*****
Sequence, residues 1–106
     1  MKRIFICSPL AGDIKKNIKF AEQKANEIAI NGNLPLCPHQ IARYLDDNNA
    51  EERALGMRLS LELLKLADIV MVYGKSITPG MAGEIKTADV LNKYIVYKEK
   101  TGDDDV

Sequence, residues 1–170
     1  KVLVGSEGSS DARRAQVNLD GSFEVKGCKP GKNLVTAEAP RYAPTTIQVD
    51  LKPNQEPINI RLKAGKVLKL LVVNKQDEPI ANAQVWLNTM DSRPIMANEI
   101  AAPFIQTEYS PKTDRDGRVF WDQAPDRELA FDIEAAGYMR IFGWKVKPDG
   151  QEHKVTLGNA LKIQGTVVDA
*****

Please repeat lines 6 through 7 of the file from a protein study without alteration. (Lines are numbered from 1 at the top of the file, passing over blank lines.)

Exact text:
     1  KVLVGSEGSS DARRAQVNLD GSFEVKGCKP GKNLVTAEAP RYAPTTIQVD
    51  LKPNQEPINI RLKAGKVLKL LVVNKQDEPI ANAQVWLNTM DSRPIMANEI